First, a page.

Median alveolar cleft and palatal mass without a median upper cleft lip


Median cleft is rare among facial clefts, including bilateral and unilateral clefts. Median upper cleft lip and median alveolar cleft correspond to Type 14 and Type 0, respectively, in Tessier’s classification system. Some authors have reported surgical procedures for median cleft. In the case of median alveolar cleft, bone grafting to the cleft side and orthodontics are generally applied, similarly to bilateral or unilateral cleft. Median alveolar cleft is usually accompanied by median upper cleft lip, the degree of which differs in each case. The symptoms include, but are not limited to, median lip defect, wide philtrum, and vermilion notch. However, an isolated alveolar cleft is extremely rare. We encountered a patient with an isolated alveolar cleft who did not have a light median upper cleft lip, such as a wide philtrum or vermilion notch. We herein report this case and describe its treatment.


  • Median alveolar cleft is usually accompanied by median upper cleft lip, the degree of which differs in each case.

  • We reported an extremely rare case of isolated alveolar cleft without median upper cleft lip.

  • A good result was gained by bone grafting and corrective orthodontics.

  • An examination of the filling mass with cleft revealed that it was mostly composed of normal tissue.


In comparison to bilateral and unilateral cleft, median cleft is a rare deformity. Davis and Fogh-Anderson reported that the median cleft was observed in 0.73% and 0.43% of cleft lips, respectively [ , ]. Another study reported that the frequency of rare craniofacial clefts was 1.4–4.9 per 100,000 live births [ ]. Various classifications are used for median clefts. Veau described three varieties of median cleft: a notch, a median cleft extending to the columella, and a defect due to lack of development of the whole medial element [ ]. However, Millard proposed that vertical cleft through the center of the upper lip, regardless of the extent, should be classified as a median cleft lip [ ]. The median cleft is distinguished into two types: true median cleft and false median cleft. True median cleft is accompanied by other abnormalities, such as polydactyly and hypertelorism. False median cleft was proposed that was associated the deformities of median cleft lip, nasal malformation, and orbital hypotelorism [ ]. The false type is a kind of holoprosencephaly and it is difficult for patients to achieve long-term survival [ ]. In this case report, we describe the treatment of a case of median alveolar cleft with a palatal mass and without an upper cleft lip.

Case report

A 4-year-old girl with median alveolar cleft visited the department of Plastic and Reconstructive Surgery in Kyoto University Hospital. She had the large space between the central maxillary incisor and a palatal mass in the cleft ( Fig. 1 A and B) without a median upper cleft lip ( Fig. 2 A). She had a past history of epilepsy, but no other diseases or abnormalities. The patient sometimes complained of feeling uncomfortable because of the mass. We planned to perform combination therapy with corrective orthodontics and surgical bone grafting.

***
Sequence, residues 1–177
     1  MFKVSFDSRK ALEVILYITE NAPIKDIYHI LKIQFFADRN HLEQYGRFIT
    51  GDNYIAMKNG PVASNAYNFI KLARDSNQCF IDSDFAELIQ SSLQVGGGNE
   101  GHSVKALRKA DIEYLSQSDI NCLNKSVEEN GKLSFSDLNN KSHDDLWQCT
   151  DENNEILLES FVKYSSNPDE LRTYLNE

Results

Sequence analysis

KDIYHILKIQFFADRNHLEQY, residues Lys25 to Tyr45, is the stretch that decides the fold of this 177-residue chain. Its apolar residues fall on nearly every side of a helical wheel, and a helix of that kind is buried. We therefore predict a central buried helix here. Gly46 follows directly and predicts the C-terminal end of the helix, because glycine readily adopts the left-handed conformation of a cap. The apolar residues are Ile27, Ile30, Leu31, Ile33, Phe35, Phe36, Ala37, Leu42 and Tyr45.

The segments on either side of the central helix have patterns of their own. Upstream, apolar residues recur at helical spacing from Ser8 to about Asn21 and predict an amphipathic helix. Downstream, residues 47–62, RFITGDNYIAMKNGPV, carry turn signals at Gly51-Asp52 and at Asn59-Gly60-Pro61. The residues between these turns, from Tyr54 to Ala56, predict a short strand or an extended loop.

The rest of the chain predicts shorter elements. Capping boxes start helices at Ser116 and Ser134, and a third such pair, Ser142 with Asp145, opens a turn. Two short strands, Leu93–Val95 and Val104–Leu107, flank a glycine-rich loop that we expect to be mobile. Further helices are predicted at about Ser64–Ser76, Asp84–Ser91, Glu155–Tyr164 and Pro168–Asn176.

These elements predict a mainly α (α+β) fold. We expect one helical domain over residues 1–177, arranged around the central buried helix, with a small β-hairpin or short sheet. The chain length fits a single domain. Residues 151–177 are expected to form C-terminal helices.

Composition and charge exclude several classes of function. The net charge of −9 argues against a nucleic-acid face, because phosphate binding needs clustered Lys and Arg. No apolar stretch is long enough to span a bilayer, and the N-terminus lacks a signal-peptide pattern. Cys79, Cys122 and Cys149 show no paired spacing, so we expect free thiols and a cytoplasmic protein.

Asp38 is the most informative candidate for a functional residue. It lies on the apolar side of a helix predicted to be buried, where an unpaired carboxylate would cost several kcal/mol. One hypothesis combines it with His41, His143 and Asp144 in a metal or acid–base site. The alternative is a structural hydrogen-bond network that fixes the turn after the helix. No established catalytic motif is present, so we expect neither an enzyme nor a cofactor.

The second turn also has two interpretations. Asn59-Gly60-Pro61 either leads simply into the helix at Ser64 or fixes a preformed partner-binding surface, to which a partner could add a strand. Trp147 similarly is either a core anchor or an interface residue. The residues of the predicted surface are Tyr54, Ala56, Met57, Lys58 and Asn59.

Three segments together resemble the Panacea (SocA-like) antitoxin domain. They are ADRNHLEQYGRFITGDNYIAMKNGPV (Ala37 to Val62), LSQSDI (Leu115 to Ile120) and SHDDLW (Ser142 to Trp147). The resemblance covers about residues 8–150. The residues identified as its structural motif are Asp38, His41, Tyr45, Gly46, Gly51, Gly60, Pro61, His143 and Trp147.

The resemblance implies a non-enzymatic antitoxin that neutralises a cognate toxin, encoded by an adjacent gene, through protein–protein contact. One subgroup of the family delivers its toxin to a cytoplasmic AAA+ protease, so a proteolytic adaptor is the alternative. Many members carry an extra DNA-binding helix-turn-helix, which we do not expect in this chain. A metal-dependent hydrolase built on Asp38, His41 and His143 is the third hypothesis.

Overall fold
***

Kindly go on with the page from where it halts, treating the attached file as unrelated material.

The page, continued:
Fig. 1
The median alveolar cleft and palatal mass at four years of age. A gap between the central teeth was recognized (A). The mass at the median hard palate is shown (B).

Fig. 2
An intra-operative photograph at 9 years of age. The median cleft was not recognized (A). The gap between the central teeth became narrower after corrective orthodontics. The design for excision of the palatal mass and the incision of the muco-periosteal flaps (B). Bone grafts were transferred from iliac cancellous bone (C). The flaps were put back. The median line was completely closed and the mucocutaneus graft was transferred to the mucocutaneous defect at the right palate (D).

The patient underwent surgery at 9 years of age. The median distance between the incisors was narrower than at 4 years of age after applying corrective orthodontics ( Fig. 2 B). The surgical operation was carried out under general anesthesia; 1% lidocaine with 1:100,000 epinephrine was injected into the gingiva and mucosa around the alveolar cleft. First, the palatal mass was excised. Then, the mucosa-periosteum flaps on both the lip and palatal side were elevated to expose the maxillary bone in the cleft. A pocket and space surrounding the periosteum was made to transfer iliac cancellous bone ( Fig. 2 C). The incised mucosa at the median line was sutured completely and mucosal grafting was required on the palatal side ( Fig. 2 D). There were no complications (e.g., infection or wound dehiscence) on the oral or iliac sides. The macro and microscopic findings of the mass are shown in Fig. 3 A and B. The lesion was covered with squamous epithelium. Furthermore, collagenous fiber and an increased number of vessels were observed between the superficial epithelial side and the deep side, including the small salivary gland ( Fig. 3 B).

Aug 8, 2020 | Posted by in Oral and Maxillofacial Surgery | Comments Off on Median alveolar cleft and palatal mass without a median upper cleft lip

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